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  • 4 Things to know about India’s shift to cashless economy

    Prime Minister Narendra Modi made headlines in November 2016 when he announced the decision to demonetise 500- and 1,000-rupee notes. Debates are still raging about the move, especially about its impact on digital payments in the country.

    Recently, the Reserve Bank of India published data on digital payments. And since it’s been 8 months since the demonetisation move, it would be a lot better to notice trends in India’s cashless economy. Let’s have a look:

  • The rise in digital payments:

    Digital transactions surged over 23%, according to data presented to a Parliamentary Standing Committee on Finance. 2.73 crore transactions were conducted through digital means in May 2017, much higher than the 2.24 crore transactions conducted in November 2016.

  • UPI, bank transfers lead the shift:

    However, the trend is not uniform across the various modes of digital transaction. Around 30 million transactions were conducted every day through the Unified Payments Interface (UPI) in May 2017. Compare this to the 1 million-per-day transactions conducted in November 2016. Electronic bank transfers witnessed the second largest jump, with transactions jumping to 22 lakh in May 2017 from 12 lakh in November 2016. Use the use of cards, on the other hand, only increased by 7% over the same period. The RBI’s provisional data too suggests the same.

  • The demonetisation effect

    Many suggest that this significant rise in digital transactions is because of the demonetisation of 500- and 1,000-rupee notes. Currently, transactions amounting to Rs 70,000 crore have been conducted using cards at Point-Of-Sale (POS) terminals. This is an average growth of 25% since March 2016. “If demonetisation had not happened, then only by FY19 the credit + debit cards transactions on PoS terminals would have reached the current level of Rs 70,000 crore,” according to a report by the State Bank of India (SBI).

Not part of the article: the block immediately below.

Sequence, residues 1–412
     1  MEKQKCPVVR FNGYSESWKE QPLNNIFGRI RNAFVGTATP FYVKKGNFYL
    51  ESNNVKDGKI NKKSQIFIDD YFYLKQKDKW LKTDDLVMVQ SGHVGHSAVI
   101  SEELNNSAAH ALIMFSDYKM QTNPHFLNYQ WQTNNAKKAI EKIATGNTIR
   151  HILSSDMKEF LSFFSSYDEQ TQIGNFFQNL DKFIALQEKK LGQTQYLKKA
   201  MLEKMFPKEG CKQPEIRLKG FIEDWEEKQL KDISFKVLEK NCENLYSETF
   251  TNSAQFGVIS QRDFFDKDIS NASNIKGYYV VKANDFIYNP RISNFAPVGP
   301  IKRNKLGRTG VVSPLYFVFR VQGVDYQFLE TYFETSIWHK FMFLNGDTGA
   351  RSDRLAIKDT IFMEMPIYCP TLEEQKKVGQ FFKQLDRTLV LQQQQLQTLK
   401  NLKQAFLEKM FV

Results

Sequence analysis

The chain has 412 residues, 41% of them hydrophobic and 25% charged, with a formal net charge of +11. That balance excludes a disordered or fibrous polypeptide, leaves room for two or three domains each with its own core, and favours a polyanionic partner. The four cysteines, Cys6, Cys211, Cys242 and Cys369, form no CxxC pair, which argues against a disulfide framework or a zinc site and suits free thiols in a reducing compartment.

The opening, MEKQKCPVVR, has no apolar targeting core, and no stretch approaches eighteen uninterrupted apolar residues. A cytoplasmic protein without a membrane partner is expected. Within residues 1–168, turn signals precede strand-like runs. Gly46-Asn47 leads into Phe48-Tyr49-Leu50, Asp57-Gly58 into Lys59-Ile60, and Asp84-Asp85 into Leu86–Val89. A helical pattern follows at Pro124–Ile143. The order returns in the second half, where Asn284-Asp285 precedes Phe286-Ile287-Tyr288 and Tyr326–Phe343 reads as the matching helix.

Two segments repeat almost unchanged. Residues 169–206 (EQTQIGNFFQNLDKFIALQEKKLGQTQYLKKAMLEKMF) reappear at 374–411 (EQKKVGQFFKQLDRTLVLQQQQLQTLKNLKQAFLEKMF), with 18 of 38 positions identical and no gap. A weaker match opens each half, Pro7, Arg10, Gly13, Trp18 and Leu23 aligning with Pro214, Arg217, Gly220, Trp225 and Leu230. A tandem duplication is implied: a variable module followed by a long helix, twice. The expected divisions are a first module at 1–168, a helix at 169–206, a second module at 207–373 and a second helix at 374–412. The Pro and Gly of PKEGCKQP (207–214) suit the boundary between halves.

• What do the detractors say?

    The volume of digital transactions hit a peak in December 2016. After that month, however, the number of transactions fell on a month-on-month basis. In fact, it fell until February 2017. Many suggest that this fall shows that demonetisation did not lead to the rise in digital transactions. However, it must be noted that transactions have risen over the last few months. This can hint at a more organic growth in digital transactions.

    • Monthly card payments hit record Rs70,000 crore on the back of note ban: SBI Read more

    • Shift to cashless economy: Demonetisation has indeed boosted digital payments but let’s not over-hype it Read more

  • 2,500 crore

    Next time you cross an Octroi or Toll station, you could see a truck or a commercial vehicle zip past without stopping, all thanks to the Digital Payment infrastructure. The sensors would scan a tag and deduct the toll money automatically from a bank account or e-wallet. You could also see many drivers pay using a digital wallet or card. In fact, in June alone, around 82 lakh transactions at Toll booths were digital, according to National Payments Corporation of India data. For the whole year, the number could be as high as 2,500 crore!